In western diets, meat and meat products are one of the main sources of high-biological value protein, in addition to containing micronutrients such as minerals (iron, magnesium, potassium, selenium and sodium) and vitamins (A, B12
, folic acid, among others) that are highly bio-available [1
]. Despite these excellent nutritional properties, the intake of meat and meat products is related with a higher incidence of cardiovascular diseases and obesity, increasing the negative perception attached to the consumers of these food products in recent years [2
]. On the other hand, due to its rich nutritional profile, the meat presents a high susceptibility to deterioration due to the microbial growth and oxidation processes that take place when the muscle is transformed in the meat during the meat processing and storage [3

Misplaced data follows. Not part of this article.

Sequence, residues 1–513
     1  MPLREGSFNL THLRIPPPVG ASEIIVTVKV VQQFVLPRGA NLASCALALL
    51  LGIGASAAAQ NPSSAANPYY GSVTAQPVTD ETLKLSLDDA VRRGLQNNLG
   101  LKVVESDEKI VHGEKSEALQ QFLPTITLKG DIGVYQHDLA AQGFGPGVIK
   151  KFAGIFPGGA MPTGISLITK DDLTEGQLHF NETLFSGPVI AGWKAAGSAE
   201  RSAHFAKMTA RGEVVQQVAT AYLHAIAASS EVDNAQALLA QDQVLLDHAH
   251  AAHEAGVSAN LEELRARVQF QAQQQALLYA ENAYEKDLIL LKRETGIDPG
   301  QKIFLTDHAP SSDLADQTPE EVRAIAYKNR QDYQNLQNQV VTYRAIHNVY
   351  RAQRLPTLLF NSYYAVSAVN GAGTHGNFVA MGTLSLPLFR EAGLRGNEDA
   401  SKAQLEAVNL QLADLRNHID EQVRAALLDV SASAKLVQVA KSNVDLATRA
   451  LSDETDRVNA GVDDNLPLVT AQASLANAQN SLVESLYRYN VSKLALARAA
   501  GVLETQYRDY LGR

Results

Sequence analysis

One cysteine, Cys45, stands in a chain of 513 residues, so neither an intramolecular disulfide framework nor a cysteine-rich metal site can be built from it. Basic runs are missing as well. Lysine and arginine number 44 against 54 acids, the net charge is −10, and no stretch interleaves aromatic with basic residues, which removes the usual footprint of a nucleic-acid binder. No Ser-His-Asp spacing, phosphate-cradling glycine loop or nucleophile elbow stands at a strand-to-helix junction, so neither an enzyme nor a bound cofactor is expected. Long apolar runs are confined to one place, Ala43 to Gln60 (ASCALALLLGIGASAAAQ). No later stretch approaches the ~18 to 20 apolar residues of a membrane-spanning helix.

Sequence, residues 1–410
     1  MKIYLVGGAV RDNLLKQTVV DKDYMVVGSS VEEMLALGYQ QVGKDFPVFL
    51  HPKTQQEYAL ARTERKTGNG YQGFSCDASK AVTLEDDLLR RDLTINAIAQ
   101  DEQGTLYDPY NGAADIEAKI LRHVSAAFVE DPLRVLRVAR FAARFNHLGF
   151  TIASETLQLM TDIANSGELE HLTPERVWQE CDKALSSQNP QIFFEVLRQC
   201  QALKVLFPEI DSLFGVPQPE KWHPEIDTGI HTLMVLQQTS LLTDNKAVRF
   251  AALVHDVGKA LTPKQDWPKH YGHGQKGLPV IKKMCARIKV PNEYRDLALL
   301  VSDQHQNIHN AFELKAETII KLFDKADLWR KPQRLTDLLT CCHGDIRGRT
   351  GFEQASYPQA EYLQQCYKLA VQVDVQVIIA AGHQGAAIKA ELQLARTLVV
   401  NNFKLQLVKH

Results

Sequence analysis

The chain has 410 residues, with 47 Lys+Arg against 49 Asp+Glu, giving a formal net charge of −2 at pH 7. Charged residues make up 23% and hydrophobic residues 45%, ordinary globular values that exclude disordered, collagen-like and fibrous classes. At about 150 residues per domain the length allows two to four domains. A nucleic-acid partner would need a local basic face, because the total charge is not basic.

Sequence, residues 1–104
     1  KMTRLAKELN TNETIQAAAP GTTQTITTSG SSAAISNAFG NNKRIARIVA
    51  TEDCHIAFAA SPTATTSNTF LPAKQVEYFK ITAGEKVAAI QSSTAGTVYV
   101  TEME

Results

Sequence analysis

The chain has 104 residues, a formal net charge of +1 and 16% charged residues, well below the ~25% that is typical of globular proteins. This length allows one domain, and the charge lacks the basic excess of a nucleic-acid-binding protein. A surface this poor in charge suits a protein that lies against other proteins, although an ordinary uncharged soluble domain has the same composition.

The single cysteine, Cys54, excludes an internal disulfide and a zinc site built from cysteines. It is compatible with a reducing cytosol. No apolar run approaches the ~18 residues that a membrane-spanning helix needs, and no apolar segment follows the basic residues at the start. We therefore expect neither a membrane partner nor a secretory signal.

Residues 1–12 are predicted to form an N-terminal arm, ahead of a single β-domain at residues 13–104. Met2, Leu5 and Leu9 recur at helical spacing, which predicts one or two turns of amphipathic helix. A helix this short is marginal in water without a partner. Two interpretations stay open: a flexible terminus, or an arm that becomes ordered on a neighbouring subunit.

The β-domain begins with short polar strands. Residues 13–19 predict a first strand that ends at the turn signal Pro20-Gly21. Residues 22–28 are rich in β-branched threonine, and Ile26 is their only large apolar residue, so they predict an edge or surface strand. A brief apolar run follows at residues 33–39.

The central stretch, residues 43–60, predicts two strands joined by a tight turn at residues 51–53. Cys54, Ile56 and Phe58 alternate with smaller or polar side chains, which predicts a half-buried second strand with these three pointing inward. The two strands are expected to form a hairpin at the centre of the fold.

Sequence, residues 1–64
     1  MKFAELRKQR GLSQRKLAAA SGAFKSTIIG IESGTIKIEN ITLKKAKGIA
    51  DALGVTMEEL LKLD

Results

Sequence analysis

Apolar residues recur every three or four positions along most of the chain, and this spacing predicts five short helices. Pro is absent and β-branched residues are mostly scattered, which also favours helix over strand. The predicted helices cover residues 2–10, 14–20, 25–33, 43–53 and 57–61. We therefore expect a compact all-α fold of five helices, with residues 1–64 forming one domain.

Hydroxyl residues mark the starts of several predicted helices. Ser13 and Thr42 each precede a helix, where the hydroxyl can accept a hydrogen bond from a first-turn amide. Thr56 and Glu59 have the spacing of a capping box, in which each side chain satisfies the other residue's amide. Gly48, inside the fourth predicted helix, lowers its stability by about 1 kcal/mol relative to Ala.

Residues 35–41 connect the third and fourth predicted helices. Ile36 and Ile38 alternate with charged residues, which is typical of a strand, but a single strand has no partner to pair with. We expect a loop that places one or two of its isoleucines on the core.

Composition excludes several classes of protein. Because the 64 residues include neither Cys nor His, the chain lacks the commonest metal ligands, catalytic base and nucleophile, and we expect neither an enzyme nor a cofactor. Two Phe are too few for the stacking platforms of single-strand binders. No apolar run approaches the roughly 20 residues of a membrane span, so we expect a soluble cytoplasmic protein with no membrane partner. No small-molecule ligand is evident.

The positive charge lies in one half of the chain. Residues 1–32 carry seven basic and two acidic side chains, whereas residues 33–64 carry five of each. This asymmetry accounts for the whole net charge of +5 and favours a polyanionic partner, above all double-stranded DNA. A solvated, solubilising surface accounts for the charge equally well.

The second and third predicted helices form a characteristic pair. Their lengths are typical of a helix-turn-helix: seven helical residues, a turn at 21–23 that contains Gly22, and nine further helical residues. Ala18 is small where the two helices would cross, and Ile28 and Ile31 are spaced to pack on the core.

]. To overcome these drawbacks, and in line with the rising awareness by consumers of the relationship between diet and health [7
], in the last few years, the meat industry has had to face the double challenge of offering more healthy meat processed products, and guaranteeing their stability [8
Until now, synthetic antioxidants, such as butylated hydroxytoluene (BHT) and butylated hydroxyanisole (BHA), have been widely used in the food industry as preservative agents to extend the self-life of food products, but their incorporation should be reduced due to their harmful effects on health, as described in in vitro and in vivo studies [4
]. The need to find alternatives to substitute the synthetic additives has led to scientific researchers and meat industries devoting great efforts to using renewable biomass as a natural source of new biomolecules with functional properties [7
]. In this context, the agri-food industry produces large amounts of waste and by-products that usually are underutilized or discarded, but that contain remarkable amounts of bioactive compounds with properties that make them suitable to be used as natural ingredients [16